Legal professionals unaware of Scottish Barony Register

Legal professionals unaware of Scottish Barony Register

Alastair Shepherd

The Scottish Barony Register (SBR) is “not well enough known” in the legal profession, according to its custodian.

The SBR is a non-statutory register established by members of the legal profession in Scotland following the passing of the Feudal Reform (Scotland) Act 2000. On 28 November 2004 feudal law was abolished in Scotland and barony titles could no longer be registered in the Scottish Land Registers. Lawyers and others involved in baronial matters decided that a privately created and run register would help to maintain the integrity of the market, and so created the SBR.

Writing in the SBR’s annual report, custodian Alastair Shepherd writes: “I remain concerned that the existence of the SBR is not well enough known among the legal profession. A bigger concern is that as those familiar with feudal law retire, baronies are ‘missed’ in both conveyancing and executry practice.

“Conveyancers are less and less likely to spot the existence of a barony title and of course the Registers of Scotland no longer register them. I have come across two instances this year of baronies being spotted only by astute practitioners, very much at the tail end of a transaction. I do hope that no practitioner finds themselves in trouble for missing the existence of what can be a very valuable asset.”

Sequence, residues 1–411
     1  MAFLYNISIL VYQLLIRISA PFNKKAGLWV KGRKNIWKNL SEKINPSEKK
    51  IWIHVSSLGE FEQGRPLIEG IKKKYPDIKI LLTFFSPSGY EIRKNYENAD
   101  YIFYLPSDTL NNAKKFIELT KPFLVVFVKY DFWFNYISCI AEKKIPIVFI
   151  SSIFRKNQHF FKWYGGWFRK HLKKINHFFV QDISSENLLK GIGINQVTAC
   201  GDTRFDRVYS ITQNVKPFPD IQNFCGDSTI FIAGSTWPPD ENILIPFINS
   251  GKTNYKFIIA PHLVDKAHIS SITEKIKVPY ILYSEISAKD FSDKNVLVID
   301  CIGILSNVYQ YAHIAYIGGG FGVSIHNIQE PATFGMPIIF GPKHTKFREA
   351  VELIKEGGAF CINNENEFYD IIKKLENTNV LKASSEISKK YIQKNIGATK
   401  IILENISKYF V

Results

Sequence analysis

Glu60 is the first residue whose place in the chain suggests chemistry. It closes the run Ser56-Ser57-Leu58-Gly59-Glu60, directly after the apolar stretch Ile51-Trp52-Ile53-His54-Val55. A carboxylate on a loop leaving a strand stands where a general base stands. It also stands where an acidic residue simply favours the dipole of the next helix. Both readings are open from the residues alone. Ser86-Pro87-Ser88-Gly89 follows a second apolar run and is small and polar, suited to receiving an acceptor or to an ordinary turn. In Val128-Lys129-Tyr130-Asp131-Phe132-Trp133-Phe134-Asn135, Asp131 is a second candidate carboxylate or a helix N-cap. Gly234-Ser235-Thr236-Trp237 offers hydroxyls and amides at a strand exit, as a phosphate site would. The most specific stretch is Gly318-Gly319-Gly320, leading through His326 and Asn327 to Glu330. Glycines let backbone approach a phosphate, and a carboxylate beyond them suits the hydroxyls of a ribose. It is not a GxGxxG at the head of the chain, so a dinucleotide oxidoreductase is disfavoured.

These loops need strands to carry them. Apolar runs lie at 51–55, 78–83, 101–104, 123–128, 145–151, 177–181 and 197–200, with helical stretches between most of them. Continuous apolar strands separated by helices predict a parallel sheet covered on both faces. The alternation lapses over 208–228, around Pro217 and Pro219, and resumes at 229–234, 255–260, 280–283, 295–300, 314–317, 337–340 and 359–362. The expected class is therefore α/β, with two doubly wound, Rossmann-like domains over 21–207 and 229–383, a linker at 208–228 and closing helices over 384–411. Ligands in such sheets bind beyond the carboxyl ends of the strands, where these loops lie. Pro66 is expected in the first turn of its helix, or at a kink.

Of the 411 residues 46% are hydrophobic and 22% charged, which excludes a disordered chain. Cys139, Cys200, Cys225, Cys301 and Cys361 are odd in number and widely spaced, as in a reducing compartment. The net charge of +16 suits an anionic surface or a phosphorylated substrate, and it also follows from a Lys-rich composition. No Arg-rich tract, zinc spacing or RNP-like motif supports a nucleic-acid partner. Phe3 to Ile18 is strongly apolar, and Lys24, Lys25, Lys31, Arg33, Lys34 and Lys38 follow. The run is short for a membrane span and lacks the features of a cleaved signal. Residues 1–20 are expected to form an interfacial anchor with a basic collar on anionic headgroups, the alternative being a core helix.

Last year saw four new registrations and five assignations of already registered dignities.

“Historically, registrations have varied from 26 in 2019 to 4 in 2006. In 2022 there were 13 registrations; last year (2023) there were 9. This total constitutes a “quiet” year for the SBR, but it has sometimes been quieter,” Mr Shepherd records.

“The SBR now has 188 dignities registered, most being baronies. Many have changed hands at least once since the creation of the register; some as many as three times. Opinions vary as to the amount of baronies created but it is likely to be much more than the registered total. For instance, many estates with baronial dignities attached have remained in the same hands since 2004, and the owners clearly see little point in disturbing the status quo.”

Mr Shepherd also notes public confusion over the function of the SBR.

He writes: “Queries from members of the public generated through the website are mercifully few. Despite the website being quite clear on the subject, members of the public still think I can buy/sell baronies, or recommend a course of action.”

Fees increased at the beginning of 2023: a first registration is £800; a subsequent ones is £400; a letter of comfort is £75 and certificates of registrations are £150. No increase in fees is planned for this year.

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